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More Than “De Minimis” — The Supreme Court Clarifies Title VII Undue Hardship Standard

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As many employers are likely aware, Title VII makes it illegal for covered employers to discriminate against employees and applicants based on certain protected characteristics, including sincerely held religious beliefs. Title VII also creates an affirmative obligation to accommodate the religious practices of employees and applicants unless doing so would impose an “undue hardship” on the conduct of the employer’s business. But what exactly constitutes an “undue hardship” under Title VII? That is the question the Supreme Court recently addressed in Groff v. DeJoy.

Historically, courts have relied on a line from the Court’s decision in Trans World Airlines, Inc. v. Hardison (1977), holding that any accommodation that would require an employer to bear more than a “de minimis” cost amounts to an undue hardship when considering potential religious-related accommodations under Title VII. As a result, there has been a relatively low bar for employers to lawfully avoid providing accommodations to their employees’ religious beliefs. But those days are likely over following Groff.

In Groff, the Court “clarified” that the “more than de minimis” language in Hardison to which lower courts have cleaved for nearly 50 years is not actually what the Court held in Hardison, nor is it the proper interpretation of the undue hardship standard under Title VII. Instead, the Court held that employers can only establish an undue hardship under Title VII if they can show that providing an accommodation “would result in substantial increased costs in relationship to the conduct of [the employer’s] particular business.” While the Court did not provide much guidance on what constitutes a “substantial increased cost[],” it did provide some instruction as to what does not amount to an undue hardship under Title VII. Specifically, the Court stated that “hardships” that are attributable to employee animosity to a particular religion or to the concept of making religious accommodations cannot be “undue.” Nor can accommodations that do not affect the conduct of the employer’s business be deemed to impose an undue hardship under Title VII. On the other hand, Justice Alito (who authored the Court’s unanimous opinion) suggested that religious accommodations that would interfere with seniority-related scheduling within a collective bargaining agreement might constitute an undue hardship unless an employee with greater seniority was willing to voluntarily switch shifts with an employee who objected to working on a particular day. In short, the “substantial increased cost” does not necessarily require a dollar value.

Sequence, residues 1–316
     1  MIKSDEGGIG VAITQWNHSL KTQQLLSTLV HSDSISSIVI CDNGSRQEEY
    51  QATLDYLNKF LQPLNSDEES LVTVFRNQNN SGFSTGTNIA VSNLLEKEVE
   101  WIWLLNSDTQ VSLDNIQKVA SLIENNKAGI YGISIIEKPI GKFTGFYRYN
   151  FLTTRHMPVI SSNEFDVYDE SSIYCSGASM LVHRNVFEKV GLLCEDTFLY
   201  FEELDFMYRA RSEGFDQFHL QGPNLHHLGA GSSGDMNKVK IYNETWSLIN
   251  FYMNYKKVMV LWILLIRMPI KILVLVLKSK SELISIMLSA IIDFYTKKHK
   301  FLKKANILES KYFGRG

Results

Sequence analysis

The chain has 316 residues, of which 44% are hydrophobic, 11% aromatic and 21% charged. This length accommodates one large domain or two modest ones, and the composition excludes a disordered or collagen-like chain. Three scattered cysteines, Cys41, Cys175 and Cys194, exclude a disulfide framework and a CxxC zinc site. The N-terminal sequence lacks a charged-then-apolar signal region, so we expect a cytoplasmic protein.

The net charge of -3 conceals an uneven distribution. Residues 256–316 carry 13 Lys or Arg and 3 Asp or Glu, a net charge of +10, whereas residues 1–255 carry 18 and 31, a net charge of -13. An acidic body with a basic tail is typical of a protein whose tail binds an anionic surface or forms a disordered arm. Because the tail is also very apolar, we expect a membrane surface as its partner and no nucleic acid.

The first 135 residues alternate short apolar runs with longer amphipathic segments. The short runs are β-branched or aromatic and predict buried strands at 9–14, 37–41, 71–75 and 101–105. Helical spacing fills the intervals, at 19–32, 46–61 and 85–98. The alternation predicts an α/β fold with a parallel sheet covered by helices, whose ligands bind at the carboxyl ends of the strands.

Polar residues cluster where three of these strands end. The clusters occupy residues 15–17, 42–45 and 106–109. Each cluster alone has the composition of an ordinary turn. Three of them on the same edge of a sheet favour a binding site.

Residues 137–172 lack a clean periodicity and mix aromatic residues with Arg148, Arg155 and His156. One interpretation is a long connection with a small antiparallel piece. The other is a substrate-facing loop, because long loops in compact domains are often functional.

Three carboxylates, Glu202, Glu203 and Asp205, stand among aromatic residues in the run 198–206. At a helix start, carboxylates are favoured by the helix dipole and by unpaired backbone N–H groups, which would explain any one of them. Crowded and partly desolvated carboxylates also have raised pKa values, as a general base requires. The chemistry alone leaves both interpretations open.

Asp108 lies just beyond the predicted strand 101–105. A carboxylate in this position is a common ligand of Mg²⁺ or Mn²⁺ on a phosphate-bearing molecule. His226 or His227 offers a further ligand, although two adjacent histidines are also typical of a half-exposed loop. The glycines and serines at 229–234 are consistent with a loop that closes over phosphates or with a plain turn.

To understand their obligations under Title VII moving forward, employers may be tempted to turn to case law interpreting the Americans with Disabilities Act (the “ADA”), given that the ADA defines an undue burden as something that imposes “significant difficulty or expense” – a standard that sounds quite similar to the “substantial increased cost[]” standard discussed in Groff. But that would be a mistake, as the Court expressly refused to instruct lower courts to “draw upon decades of ADA caselaw” when interpreting Title VII. Instead, when applying the clarified standard, the Court directed lower courts to “take into account all relevant factors in the case at hand, including the particular accommodations at issue and their practical impact in light of the nature, size, and operating cost of an employer.”

While the exact contours of what constitutes an undue hardship under Title VII remain ambiguous and will depend on a fact-specific analysis, what is clear is that it will be harder for employers to deny religious accommodations going forward. As a result, employers might expect an increased amount of requests for religious accommodations. Employers would be wise to consult with an employment lawyer to discuss their heightened obligations under the “clarified” undue hardship standard announced in Groff.

This information is provided by Vinson & Elkins LLP for educational and informational purposes only and is not intended, nor should it be construed, as legal advice.